At the conclusion, we also never learn why she joins Eloisa’s hare-brained yet ultimately smashingly successful heist to steal the jewels from the sexually apathetic Axels’ distanced and distant relatives, either…or why she suddenly chooses to cut off all her hair, especially when she muses existentially that if she shave it all off (which she then desists in doing): I would stop being me to a certain extent, would become a caricature of myself…being more me than I already am. This is existentialist muddle.
The meaning of life would seem to be that there isn’t actually any such, even if in some, never ever defined sense: everything is linked. Apathy is regnant and initiative is an anaemic condition at best. A philosophy of ambivalent stasis:
A sign of destiny, an oversight of chance, it could be either.
I think of how each of us had to devise our truth in relation to the other…
Illnesses, accidents, pills, gunshots, the sea. I make a mental list of all the ways of dying that occur to me at that moment. I wonder which will be destined for me.
You can tell that eternity is gradually wearing her [Eloisa] down.
It’s just a question of luck
Paradises is a metaphysic of exigency, overtaking any possibility of a planned, cogent, rational path to any sustainable ontological creed. It is as if, actually, that Havilio has been skinny-dipping in the seas of Speculative Realism and in particular being crushed by the nihilistic crests of Ray Brassier and Quentin Meillassoux!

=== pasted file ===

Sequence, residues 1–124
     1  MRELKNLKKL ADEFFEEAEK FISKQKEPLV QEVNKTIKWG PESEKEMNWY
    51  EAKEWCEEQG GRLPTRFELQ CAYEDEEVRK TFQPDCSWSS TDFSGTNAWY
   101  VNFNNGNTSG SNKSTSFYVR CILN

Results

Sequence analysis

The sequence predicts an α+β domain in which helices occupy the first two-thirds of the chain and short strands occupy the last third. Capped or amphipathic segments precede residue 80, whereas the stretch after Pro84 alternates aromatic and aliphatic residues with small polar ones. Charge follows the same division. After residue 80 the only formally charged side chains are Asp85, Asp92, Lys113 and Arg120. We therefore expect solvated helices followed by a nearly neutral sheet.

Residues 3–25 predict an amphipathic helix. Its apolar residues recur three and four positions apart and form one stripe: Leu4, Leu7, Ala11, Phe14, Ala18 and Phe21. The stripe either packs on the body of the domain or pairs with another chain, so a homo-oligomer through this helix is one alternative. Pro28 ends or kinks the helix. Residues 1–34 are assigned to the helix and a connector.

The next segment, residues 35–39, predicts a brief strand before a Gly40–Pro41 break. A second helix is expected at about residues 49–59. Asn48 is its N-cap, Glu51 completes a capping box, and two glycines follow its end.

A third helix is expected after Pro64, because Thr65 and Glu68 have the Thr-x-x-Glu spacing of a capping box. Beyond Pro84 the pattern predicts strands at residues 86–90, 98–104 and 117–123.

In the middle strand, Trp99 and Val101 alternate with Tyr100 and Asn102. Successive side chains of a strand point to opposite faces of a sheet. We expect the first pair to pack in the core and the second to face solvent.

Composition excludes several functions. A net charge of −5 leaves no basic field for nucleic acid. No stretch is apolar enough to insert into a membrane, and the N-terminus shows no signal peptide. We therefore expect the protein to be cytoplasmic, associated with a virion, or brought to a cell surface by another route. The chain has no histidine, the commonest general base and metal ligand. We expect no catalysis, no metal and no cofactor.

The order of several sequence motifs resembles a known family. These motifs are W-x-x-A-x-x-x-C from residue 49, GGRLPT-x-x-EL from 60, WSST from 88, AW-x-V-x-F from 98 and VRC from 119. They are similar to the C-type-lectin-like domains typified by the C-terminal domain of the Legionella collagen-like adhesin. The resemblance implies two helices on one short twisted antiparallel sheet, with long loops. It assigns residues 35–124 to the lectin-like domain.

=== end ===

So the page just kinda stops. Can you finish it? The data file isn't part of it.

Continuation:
Then there is fairly obvious religious symbolism: churches grace the pages from go to woe, such as the Evangelical temple and the Adventist chapel in Nameless’ new city neighbourhoods (not to mention the demented depiction of the Christmas party and its: strange Jesus wrapped down to its feet in a tunic.) Then there are copious references to the perhaps miraculously benevolent Virgin of Syracuse, the Virgin of Tears.
Havilio’s rather apathetic attitude towards, and indeed these very religious vessels themselves, seem to occlude things even more (if that is possible!):
I can’t see properly: the stained glass of the chapel projects a diffused light that has a clouding effect.
Everything is inevitably epistemologically cloudy. Perceptions go awry and this reader reflects through the haze of Paradises, who or what – if any – is the agent behind them? It’s all rather the anti-phenomenology of the oppressed. Their shared resigned visions leak onto the page as opposed to any sheer impellation to grab hold of what they all experience diurnally and construct away from it. What comes first? The conceptual miasma or the existential anomie? It is rather like Camus’ Mersault all over again!
There are no paradises prevailing in this book, except for the contradictory Paradise trees and their near-lethal effects on Simon…scarcely a paradise at all. Beads from this tree nearly kill her young son, yet bark from it also cures him and – interestingly here – it is only Nameless and Sonia (Herbert’s mother) who condone any credibility to the folk-medicine involved: The antidote alongside the poison, that sounds reasonable.
Reputable and ‘reliable’ medical procedures just do not work, any more than similar ‘accepted’ religious tenets, transport systems, commercial infrastructures, roofs, people per se. There may well be certain codes, but Nameless and her cohorts certainly do not have any access to their cogency.